For a basic primer on how DNA fingerprinting is performed, please refer to the following video. The repeating regions called VNTRs and STRs are equivalent to microsatellites:
Features that we inherit from our parents are largely governed by the coding regions known as genes, which are found on double-stranded DNA molecules in nearly every one of our cells.
As you can see above, each DNA molecule is coded by four nucleotides–chemical building blocks that are represented by the letters A, T, C, and G. For a stable molecule to form, As must bind with Ts on the opposite chain, and Cs must bind with Gs. This spiraling structure, known as a “double helix,” winds into denser accumulations of DNA and proteins to form chromosomes (the X-shaped structures on top) that are housed within the nucleus (purple region) of each cell. Humans generally have two copies of 23 different chromosomes, for a total of 46, while box turtles have 25 pairs of chromosomes, for a total of 50. When considered as a whole, these chromosomes in humans contain about 3 billion nucleotides altogether, which are paired with their complementary letter (A to T, C to G) along each strand. Turtles, even though they have more chromosomes, have a smaller number of paired nucleotides in total, somewhere in the neighborhood of 1 billion, 200 million letters. This is about the same number of letters in crocodiles and chickens, which are two of the turtles’ closest relatives (along with alligators and dinosaurs, of course).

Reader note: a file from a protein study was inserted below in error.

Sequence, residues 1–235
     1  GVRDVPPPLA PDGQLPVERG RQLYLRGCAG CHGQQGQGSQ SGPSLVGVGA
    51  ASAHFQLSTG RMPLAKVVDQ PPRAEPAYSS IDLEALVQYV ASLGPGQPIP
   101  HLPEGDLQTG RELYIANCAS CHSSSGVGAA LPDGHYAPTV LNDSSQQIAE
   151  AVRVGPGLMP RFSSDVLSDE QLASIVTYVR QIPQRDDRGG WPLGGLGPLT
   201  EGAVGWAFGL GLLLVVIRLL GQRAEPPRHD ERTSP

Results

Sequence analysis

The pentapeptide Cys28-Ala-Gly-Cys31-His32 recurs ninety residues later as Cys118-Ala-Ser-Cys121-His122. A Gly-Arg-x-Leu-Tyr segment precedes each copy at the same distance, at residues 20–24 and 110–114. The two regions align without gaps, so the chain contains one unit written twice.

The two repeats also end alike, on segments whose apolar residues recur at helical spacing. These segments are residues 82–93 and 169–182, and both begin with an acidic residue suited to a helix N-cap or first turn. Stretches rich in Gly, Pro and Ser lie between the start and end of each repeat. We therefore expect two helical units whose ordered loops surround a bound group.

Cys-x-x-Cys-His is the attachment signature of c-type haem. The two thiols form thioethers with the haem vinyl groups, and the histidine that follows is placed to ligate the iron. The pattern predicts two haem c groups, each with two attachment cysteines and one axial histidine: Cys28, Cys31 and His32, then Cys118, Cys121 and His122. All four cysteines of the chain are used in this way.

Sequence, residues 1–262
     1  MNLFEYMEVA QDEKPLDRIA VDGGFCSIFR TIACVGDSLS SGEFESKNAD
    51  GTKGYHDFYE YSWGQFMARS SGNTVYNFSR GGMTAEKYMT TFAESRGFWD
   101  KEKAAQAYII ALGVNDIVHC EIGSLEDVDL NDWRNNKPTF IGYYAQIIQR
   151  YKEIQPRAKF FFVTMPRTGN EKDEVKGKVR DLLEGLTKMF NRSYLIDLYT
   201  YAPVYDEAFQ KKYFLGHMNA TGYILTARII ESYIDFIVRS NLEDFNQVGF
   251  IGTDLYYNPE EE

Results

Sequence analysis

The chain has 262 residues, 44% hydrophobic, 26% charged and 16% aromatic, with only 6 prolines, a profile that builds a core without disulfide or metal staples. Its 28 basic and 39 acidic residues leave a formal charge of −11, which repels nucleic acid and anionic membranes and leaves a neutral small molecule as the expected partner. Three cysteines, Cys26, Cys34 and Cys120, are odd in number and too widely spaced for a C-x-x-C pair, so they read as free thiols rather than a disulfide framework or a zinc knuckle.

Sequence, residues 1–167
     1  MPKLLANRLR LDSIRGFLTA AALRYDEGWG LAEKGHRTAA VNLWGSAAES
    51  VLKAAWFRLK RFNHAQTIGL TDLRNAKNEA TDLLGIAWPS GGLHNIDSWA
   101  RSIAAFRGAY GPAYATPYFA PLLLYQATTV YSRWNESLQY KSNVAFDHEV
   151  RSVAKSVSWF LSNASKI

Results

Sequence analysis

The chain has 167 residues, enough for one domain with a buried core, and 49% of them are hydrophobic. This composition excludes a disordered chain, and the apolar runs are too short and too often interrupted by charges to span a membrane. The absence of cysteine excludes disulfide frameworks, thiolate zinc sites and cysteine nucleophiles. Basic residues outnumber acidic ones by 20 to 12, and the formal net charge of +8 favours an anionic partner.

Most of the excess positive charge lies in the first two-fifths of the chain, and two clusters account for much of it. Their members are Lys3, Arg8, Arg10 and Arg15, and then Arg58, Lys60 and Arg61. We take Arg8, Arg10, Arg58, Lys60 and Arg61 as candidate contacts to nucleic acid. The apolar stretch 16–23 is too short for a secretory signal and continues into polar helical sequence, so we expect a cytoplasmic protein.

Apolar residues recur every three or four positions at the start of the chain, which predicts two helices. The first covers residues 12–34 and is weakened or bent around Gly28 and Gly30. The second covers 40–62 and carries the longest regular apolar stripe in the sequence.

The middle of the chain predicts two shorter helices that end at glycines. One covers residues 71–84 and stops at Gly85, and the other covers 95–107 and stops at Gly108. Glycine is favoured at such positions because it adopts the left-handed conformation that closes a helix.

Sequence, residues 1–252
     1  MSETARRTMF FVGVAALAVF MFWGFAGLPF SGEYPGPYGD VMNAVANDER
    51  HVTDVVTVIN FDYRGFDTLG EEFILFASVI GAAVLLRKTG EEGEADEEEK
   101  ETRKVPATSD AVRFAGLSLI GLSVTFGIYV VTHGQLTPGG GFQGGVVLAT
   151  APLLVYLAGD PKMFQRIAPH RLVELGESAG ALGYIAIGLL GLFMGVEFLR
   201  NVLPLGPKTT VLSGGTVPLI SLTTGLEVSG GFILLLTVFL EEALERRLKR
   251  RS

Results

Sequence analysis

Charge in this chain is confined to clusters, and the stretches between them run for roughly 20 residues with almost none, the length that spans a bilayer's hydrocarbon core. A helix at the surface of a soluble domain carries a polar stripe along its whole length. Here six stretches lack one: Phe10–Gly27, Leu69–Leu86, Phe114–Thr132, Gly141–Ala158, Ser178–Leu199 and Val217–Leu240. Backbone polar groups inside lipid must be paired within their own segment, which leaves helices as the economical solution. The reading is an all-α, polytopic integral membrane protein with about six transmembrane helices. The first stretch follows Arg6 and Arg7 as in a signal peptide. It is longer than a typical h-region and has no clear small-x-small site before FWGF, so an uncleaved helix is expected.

Now since a complete copy of every chromosome, or the entire DNA code (also known as the genome) can be found in every cell within a turtle’s body–including their red blood cells, which mammals like humans lack–this means that every time that a cell divides, it has to copy every strand of DNA. To give an idea of how difficult a task this might be, we have designed a game that gives you a chance to play the role of DNA polymerase (a.k.a. Poly-D), the specialized protein (or enzyme) that makes DNA replication possible. Give it a try in the space below, and then see your rate of mutation!